2nd Vietnam Alumni Meeting Shared Real Stories about Academic and Work Life in Japan
On September 25, 2021, the 2nd SSCV Alumni Meeting “Sharing Our Experiences Studying and Working Abroad” was held online. Co-hosted by Sakura Science Club Vietnam (SSCV) and the Japan Science and Technology Agency (JST), the event was moderated by SSCV coordinators Dr. Nguyen Thi Nhien and Mr. Le Huynh Son. H.E. Mr. Takeo Yamada (Ambassador of Japan to the Socialist Republic of Viet Nam) and H.E. Mr. Vu Hong Nam (Ambassador of the Socialist Republic of Viet Nam to Japan) both mentioned how the program will strengthen Vietnam-Japan ties. Ms. Vu Minh Hanh from JASSO Vietnam Office provided insightful information on studying in Japan.
Keynote Sessions by Guest Speakers
1st Keynote Session:
Dr. Tran Dang Xuan
Associate Professor, Hiroshima University
Dr. Tran is a graduate of Thai Nguyen University of Agro-Forestry and Kagoshima University, where he obtained his PhD in 2004. Since 2012 he has been an associate professor at Hiroshima University. He is Vice-President of the Association of Vietnamese Intellectuals in Japan (AVIJ).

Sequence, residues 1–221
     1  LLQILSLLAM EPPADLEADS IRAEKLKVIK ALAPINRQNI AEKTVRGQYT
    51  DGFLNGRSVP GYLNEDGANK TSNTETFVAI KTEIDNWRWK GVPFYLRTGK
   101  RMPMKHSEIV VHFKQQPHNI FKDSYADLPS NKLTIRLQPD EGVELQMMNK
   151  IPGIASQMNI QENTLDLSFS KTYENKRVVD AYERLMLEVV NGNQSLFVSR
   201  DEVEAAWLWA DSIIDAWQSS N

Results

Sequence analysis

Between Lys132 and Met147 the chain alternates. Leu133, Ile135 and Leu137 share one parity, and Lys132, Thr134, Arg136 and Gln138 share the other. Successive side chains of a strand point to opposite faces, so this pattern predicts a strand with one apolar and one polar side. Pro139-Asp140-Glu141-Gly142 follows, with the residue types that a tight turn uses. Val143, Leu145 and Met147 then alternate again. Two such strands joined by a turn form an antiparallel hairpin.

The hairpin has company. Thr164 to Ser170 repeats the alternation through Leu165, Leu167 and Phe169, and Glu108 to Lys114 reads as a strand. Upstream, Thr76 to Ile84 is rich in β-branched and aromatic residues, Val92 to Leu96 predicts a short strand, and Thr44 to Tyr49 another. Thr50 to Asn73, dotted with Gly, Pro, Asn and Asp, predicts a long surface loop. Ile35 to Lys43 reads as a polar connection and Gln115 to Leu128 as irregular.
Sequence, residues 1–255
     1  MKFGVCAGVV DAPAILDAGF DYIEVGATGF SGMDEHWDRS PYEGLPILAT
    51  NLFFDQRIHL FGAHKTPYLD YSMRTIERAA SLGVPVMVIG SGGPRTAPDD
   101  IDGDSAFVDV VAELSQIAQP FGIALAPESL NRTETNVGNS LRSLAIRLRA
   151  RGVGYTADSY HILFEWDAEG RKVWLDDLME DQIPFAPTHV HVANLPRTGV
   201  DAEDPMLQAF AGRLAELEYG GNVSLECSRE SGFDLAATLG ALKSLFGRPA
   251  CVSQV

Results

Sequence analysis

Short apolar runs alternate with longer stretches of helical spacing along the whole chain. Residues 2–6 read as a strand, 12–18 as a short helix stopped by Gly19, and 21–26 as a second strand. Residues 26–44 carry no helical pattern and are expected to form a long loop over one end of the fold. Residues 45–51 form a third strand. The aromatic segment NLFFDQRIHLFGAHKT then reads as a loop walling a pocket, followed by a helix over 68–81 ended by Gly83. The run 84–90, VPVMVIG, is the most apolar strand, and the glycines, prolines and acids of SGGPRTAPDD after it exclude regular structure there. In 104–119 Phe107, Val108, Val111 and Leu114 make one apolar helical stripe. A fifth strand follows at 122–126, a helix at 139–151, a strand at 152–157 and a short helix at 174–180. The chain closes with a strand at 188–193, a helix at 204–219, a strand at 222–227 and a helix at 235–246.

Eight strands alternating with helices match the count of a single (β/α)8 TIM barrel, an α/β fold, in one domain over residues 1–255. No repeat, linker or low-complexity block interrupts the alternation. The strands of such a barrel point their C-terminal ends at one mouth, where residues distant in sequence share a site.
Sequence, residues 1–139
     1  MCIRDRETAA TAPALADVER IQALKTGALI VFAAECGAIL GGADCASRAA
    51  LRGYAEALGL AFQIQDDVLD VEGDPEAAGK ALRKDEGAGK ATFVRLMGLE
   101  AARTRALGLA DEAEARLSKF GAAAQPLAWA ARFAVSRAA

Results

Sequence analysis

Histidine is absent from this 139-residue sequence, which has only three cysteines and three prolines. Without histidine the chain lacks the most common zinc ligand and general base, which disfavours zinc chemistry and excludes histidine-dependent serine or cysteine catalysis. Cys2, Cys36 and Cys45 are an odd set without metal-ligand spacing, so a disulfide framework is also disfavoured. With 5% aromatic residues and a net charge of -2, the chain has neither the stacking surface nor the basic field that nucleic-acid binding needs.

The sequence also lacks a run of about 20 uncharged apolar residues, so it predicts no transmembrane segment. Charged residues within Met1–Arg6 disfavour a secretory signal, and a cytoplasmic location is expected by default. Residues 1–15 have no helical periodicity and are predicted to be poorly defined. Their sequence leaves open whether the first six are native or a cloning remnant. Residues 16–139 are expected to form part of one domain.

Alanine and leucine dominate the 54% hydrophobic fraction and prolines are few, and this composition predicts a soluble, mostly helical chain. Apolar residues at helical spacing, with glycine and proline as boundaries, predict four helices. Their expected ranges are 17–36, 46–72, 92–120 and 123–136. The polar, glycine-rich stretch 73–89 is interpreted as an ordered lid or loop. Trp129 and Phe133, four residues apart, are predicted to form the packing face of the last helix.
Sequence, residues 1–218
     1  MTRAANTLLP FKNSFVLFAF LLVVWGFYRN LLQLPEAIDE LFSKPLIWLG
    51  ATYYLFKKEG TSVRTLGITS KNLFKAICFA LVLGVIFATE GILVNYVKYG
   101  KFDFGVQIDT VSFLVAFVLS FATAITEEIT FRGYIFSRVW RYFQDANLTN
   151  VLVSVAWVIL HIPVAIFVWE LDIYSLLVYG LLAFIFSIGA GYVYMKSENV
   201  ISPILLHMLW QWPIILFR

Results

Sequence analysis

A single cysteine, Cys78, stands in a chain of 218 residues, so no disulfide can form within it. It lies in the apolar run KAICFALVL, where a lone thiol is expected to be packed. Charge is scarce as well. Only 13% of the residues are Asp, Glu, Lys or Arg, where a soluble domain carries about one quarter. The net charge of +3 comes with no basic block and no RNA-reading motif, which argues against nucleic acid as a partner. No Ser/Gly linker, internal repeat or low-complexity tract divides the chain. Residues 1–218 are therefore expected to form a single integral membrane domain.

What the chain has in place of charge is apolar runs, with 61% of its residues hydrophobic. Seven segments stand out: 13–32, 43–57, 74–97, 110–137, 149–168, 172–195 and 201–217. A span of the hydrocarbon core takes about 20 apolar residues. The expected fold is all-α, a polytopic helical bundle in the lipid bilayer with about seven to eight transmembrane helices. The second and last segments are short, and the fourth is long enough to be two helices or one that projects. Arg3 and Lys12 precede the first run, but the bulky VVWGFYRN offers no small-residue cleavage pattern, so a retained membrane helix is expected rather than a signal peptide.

Dr. Tran spoke about best practices for building a successful career in Japan. In a non-English environment, learning Japanese was paramount: students should focus on improving their language abilities in their first year by becoming friends with Japanese people, learning kanji by reading newspapers, listening to TV, and making seminar presentations in Japanese. Keeping in contact with alumni and professors even after graduation will also help students succeed in scientific or academic careers. Good grades and regular publications are important, but so are good relationships.